On episode 82 of the Americana Music Show, Beth McKee talks about the different styles of southern music on her latest CD, Next To Nowhere; tells us about fishing or redfish near Port Sulfer, Louisiana and its metaphorical implications; and tells us how her “Swamp Sistas” movement got started.
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Beth McKee joins Calvin on the show live via telephone to talk about her new CD, Next To Nowhere.
Beth McKee talk this being Beth’s second appearance on the show. She was a guest back on episode 7 of the show.
Beth McKee talks about this CD being a testament to persistence and gumption. She says the climate in the music business is different than it’s ever been before. So having gumption and “stick-to-it-tiveness” is important for anybody in the music business today.
Beth McKee sets up “On The Verge” as the anthem track of the CD. It was inspired by a group of women that she’s gotten to know as she toured and promoted her previous CD, I’m That Way. As she met these interesting women that she wanted to keep up with, she decided to create an online Facebook community which she calls The Swamp Sistas. The group now has 1200 women. They are mostly from or in the south but they are from all over the world. Getting to know these women inspired this song. The song is about getting back to your dreams if you’ve lost track of them and it could apply to anybody.
[ plays “On The Verge” ]
Calvin talks about the many different styles of song on CD and asked her if it was a deliberate choice. Beth McKee says no, it wasn’t deliberate. It’s just her. Beth says these songs “are the sound track to her life.” She talks about how the time she’s spent in Mississippi, Texas, Louisianna, Florida, and North Carolina. Each of those states have their own type of southern culture and she’s picked them up as she went around.
Calvin asks if any of the genres are harder than others. Beth says no, they were all challenging in their own way and that the whole band and producer Tony Battaglia put everything they had into every track.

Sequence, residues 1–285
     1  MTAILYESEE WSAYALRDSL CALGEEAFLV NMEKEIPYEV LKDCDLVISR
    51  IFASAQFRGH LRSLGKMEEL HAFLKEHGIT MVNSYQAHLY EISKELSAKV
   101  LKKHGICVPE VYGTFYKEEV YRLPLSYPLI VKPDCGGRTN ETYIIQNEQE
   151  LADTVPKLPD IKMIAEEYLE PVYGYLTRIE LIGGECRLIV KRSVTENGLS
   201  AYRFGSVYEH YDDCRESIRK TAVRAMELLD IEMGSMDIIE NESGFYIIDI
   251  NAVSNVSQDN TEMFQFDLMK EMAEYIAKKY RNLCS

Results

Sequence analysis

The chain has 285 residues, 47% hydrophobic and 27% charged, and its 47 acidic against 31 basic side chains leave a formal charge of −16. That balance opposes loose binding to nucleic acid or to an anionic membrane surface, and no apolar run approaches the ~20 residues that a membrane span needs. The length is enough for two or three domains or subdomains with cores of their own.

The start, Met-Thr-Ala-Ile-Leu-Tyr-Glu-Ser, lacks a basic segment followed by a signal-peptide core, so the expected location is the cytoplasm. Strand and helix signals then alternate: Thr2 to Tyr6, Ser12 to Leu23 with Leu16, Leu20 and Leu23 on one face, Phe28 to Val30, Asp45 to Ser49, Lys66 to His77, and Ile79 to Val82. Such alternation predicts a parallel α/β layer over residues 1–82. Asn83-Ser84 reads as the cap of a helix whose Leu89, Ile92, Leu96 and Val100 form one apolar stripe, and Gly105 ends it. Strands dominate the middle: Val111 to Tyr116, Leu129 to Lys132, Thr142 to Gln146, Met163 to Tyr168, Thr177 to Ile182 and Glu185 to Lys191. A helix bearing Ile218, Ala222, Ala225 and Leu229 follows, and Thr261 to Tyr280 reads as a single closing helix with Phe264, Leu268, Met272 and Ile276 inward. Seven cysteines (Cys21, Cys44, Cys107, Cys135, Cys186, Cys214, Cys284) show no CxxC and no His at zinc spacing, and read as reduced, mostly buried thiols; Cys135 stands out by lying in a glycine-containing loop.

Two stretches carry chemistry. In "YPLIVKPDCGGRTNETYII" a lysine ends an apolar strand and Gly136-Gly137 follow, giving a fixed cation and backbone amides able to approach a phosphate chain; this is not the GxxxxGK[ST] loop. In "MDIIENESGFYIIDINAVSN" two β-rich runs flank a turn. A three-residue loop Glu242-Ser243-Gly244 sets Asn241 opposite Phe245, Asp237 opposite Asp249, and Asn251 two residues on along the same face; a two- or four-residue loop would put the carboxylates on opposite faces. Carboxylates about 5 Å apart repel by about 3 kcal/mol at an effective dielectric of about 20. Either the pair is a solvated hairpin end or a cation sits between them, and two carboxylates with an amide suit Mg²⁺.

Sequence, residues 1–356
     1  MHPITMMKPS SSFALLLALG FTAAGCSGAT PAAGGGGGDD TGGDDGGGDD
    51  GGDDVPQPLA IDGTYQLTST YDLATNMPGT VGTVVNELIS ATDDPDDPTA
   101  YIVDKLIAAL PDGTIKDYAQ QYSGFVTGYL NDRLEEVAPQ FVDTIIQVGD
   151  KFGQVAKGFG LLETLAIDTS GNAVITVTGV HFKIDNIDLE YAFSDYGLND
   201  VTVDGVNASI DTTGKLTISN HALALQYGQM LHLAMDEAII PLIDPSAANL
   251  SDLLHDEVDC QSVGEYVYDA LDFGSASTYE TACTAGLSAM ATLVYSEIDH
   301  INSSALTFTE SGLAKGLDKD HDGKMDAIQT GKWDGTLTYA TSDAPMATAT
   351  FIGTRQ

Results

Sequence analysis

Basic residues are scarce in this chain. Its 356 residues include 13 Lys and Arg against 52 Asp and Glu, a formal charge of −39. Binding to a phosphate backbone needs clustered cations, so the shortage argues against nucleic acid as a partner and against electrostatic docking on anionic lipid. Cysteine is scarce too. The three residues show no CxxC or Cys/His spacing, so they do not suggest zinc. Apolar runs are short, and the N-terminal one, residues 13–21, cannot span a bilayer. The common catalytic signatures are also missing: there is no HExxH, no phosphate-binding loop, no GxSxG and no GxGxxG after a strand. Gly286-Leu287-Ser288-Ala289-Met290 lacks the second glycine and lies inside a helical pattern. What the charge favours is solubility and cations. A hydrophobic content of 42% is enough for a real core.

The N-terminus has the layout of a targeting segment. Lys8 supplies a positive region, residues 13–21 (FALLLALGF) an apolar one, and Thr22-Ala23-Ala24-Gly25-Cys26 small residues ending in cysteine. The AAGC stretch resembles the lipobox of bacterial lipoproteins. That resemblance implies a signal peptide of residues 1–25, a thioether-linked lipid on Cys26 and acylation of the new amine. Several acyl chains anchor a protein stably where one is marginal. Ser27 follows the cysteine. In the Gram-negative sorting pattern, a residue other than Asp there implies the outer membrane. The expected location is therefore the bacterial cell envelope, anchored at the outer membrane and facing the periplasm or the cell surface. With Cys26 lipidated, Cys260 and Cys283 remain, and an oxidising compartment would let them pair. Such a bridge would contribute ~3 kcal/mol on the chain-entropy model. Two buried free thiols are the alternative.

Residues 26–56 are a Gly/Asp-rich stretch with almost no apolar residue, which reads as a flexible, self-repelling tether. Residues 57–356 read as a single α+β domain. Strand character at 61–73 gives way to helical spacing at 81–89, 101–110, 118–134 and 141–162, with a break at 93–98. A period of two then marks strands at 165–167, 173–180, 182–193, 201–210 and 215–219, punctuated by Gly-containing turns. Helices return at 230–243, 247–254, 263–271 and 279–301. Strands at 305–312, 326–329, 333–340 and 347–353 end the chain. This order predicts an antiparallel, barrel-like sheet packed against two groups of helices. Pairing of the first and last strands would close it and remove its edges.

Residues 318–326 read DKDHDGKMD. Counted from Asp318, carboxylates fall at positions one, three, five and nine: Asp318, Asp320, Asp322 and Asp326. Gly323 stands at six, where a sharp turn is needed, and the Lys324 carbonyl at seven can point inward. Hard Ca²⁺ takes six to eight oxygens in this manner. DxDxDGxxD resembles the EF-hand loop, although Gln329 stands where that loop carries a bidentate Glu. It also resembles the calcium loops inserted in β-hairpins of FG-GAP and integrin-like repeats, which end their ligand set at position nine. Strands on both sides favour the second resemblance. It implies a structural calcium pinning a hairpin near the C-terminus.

Beth McKee set up “Should Have Kept On Walking”. This is a song she wrote with a friend in New Orleans, Gary Hirstius. It’s about realizing that you should have gotten out of a relationship earlier than you did but being glad that at least you did eventually get out of it.
[ plays “Should Have Kept On Walkin'” ]
Beth and Calvin talk about the very short insert of back up vocals into “Should Have Kept On Walking.” She says it was Tony’s idea and she recorded that back up bit and her rule is “Tony is always right.”
Beth talks about the difference between covering someone else’s songs like she did on the previous CD and writing songs from her personal experience. She says its obviously a little more frightening but that was all the more reason for doing it. She said that Bobby Charles told her to follow her gut and don’t question yourself and just be honest about it.
Beth McKee tells a story about fishing to illustrate how she feels about the CD, Next To Nowhere. She says she used to go fishing down in Cocodrie, LA (near Port Sulfer) in Plaquemines Parish, Louisiana and that she’d fish for redfish. She’d catch then from the bank, some times 8-10 pounders. She talks about the intense nervous feeling she got when she’d hook a fish on her line and it was so overwhelming she’d have to remind herself tht’s the fun part. She’d tell herself “don’t be freaked out that you are going to lose the fish so much that you don’t enjoy catching the durn thing.”
Beth McKee picks the third track, “Same Dog’s Tail,” because it is based on a quote from a famous North Carolina baseball player, Catfish Hunter. She had to clean up the language and “PG it down a little.”
[plays “Same Dog's Tail” ]
Beth McKee talks about the many musical influences she’s had. One in particular she mentioned was Gram Parsons because she lives in the area of Florida he was from. Calvin asks Beth to talk about the Americana of Gram Parsons of then vs the Americana of today. Beth says he was the guy the connected rock and country music then and that’s the core of americana today.